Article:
Use a chair that has an adjustable height, good back support, and adjustable armrests. It’s important to keep your feet flat on the ground and your hands rested on the armchair or table to avoid injuries. Your office furniture is designed for work, so it has all these features. When setting up the home office, you will need to take care that table height is just right and the chair is adjusted for your feet and arms.
Ideally, you should use a laptop, not a desktop. A laptop gives you the flexibility to work from another room or desk in should the need arise. A laptop has a built-in camera, so it’s less messy for video calls.
While your computer may have an in-built microphone and speaker, I recommend you use an external mic and speaker. If you can, buy a Bluetooth mic and speaker combo. The built-in mic and speakers are not good enough for calls.
Your computer screen should be level with your eyes. If you have to look up or down on the screen, you will hurt your neck in a few months. If you are using a laptop, consider buying a tilt stand. You can adjust the height of the stand to ensure you look straight at the screen. You may have to use an external mouse and keyboard if you use a laptop stand.
it goes without saying that you need a fast, at least 16 MBPS dedicated, internet connection. Ideally, you should have a 50 MBPS connection. In addition to that, you also need a backup connection just in case your primary connection goes down. You can’t work from home if you don’t have access to the internet. So you need a backup connection also.
The backup connection must be from a different telecom company than the one that gives you the primary connection. It could be cable, wireless internet, or something else. Whatever it’s, it must be fast enough to support video calling.
You will obviously need access to all software and tools you need to do your work. If you are using a company-issued computer, it will probably have all the software you need. If you use a SaaS product, then you should have no issues.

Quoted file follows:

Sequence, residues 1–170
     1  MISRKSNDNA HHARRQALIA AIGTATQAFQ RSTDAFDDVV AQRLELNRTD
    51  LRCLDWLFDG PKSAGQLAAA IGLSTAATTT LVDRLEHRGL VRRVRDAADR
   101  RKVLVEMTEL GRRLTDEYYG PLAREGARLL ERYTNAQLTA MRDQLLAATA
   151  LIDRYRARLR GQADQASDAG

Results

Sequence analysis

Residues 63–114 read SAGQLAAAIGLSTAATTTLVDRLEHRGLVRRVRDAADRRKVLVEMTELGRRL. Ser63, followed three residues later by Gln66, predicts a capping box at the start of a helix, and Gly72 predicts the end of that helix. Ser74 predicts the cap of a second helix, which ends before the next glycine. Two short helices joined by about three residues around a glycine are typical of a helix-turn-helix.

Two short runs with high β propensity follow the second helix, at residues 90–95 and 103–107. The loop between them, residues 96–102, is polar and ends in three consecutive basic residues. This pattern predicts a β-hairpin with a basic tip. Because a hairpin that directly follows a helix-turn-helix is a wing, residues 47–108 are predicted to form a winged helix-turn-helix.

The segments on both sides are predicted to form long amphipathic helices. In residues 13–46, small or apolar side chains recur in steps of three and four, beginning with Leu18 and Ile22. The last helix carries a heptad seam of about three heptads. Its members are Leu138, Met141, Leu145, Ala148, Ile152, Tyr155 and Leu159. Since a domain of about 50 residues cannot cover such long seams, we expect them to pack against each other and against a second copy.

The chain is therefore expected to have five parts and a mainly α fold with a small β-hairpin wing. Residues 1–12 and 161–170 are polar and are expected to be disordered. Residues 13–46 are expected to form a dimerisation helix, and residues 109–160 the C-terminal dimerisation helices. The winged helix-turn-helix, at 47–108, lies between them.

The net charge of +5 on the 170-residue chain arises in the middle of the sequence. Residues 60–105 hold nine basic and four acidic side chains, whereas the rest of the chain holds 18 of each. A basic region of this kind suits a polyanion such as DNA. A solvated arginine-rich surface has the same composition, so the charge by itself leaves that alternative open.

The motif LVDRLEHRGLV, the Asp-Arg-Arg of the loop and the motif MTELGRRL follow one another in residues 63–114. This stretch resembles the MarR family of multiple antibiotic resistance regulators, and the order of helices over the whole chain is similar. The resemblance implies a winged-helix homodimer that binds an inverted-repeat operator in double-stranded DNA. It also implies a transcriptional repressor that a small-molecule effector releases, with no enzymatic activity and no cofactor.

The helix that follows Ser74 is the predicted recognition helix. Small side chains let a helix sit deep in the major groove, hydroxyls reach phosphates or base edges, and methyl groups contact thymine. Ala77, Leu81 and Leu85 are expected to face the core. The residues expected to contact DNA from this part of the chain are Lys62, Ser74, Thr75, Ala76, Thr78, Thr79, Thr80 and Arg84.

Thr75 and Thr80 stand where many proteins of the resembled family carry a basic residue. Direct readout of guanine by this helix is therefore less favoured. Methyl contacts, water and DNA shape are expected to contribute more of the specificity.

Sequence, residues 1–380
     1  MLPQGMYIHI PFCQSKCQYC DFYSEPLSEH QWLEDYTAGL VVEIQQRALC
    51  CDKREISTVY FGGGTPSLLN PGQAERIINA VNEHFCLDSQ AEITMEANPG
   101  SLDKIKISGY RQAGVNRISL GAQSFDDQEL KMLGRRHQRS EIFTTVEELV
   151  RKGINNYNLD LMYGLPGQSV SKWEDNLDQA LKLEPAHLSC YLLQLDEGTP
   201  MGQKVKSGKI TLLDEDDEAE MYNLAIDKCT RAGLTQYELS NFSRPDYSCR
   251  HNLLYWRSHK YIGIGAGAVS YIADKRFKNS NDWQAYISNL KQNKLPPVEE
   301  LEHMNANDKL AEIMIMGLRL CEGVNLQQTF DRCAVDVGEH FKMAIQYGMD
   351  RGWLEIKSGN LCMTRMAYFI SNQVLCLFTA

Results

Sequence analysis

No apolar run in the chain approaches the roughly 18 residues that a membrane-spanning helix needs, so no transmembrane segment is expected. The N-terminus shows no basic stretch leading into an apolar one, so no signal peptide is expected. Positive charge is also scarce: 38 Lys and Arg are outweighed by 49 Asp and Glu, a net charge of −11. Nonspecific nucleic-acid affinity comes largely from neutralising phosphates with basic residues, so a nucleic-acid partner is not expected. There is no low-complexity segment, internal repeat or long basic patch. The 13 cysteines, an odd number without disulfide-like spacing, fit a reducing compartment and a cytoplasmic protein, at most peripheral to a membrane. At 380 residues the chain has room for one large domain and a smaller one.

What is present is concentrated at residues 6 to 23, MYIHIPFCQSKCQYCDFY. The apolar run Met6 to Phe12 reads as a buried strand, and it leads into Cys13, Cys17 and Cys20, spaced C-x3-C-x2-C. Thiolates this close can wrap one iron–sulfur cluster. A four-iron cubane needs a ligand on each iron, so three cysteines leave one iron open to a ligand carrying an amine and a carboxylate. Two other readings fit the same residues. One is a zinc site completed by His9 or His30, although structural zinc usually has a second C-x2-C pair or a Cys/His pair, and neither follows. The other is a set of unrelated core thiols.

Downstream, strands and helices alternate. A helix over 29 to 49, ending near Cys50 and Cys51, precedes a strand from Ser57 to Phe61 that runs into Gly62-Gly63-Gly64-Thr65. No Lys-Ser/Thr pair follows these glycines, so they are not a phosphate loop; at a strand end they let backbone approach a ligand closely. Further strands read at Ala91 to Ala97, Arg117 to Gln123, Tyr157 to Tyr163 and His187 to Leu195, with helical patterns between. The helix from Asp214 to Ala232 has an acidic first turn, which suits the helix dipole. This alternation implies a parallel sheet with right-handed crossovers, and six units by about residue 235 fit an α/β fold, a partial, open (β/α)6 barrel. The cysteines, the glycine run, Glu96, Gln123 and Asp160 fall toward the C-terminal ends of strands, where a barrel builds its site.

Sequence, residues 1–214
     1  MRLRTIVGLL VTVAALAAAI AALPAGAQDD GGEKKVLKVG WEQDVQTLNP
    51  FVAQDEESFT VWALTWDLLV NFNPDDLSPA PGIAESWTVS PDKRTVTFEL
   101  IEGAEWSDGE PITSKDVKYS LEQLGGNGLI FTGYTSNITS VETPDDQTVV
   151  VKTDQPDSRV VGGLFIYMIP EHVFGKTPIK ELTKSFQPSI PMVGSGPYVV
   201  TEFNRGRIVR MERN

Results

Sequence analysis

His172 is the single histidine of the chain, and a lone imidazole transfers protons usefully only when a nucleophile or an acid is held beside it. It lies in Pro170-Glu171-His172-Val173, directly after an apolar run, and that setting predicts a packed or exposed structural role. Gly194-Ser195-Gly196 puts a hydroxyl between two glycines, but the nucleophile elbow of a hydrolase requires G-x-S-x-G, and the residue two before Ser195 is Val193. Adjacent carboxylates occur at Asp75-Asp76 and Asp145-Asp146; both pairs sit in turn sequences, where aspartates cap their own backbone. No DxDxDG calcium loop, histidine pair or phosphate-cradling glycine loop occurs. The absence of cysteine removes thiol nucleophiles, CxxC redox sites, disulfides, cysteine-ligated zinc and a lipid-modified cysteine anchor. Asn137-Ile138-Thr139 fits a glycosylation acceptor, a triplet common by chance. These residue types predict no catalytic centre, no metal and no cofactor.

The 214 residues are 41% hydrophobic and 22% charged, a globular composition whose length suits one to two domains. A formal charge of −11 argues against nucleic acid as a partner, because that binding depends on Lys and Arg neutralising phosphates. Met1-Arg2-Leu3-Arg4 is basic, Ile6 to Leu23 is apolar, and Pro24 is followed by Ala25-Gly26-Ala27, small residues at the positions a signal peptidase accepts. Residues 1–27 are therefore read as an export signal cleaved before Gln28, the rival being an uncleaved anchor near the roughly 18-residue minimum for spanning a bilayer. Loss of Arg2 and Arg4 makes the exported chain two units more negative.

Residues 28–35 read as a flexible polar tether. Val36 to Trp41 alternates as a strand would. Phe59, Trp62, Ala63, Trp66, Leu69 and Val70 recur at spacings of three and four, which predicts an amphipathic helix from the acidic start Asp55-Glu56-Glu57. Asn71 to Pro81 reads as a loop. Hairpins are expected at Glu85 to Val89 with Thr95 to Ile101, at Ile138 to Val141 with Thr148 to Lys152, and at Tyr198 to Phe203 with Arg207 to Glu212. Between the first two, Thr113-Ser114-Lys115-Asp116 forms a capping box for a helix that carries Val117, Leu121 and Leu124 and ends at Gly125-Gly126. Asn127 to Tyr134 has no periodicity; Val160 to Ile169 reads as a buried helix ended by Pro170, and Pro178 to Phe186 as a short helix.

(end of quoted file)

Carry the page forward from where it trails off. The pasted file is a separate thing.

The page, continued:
If you need to access company’s server for storage, then you may need secure access to the company’s network. Your IT team should be able to help you with remote access to company servers and data.
In addition to regular tools and software, you will also need the following for communicating with your team, managing your time and work:
A video conferencing software like Zoom or Skype. I prefer Zoom because of its better quality and ease of use. You don’t need to connect with anyone before joining a call with them. There is no latency, even in the free plan. You can also use an image as your custom background during Zoom calls. It’s really nice if you work from home because you don’t need to worry about the mess behind you.
A task management tool like Trello or Asana to organize your work if your office does not use a project or task management tool. When you work from home, you need to be extra careful about your output. A task tracking tool is just the thing to get your work organized and stay on top of everything.
Time tracking software like HiveDesk can help you keep track of the time you spend at work. Even if your company does not require you to keep time, you will immensely benefit from using one. You can see how much time you are working and how you are spending that time. It will help you become more organized and make better use of your time.
When you work from home, you need a setup that helps you stay productive and effective. This includes not just the physical infrastructure like computer, internet and software but also softer aspects such as having the right mindset and processes.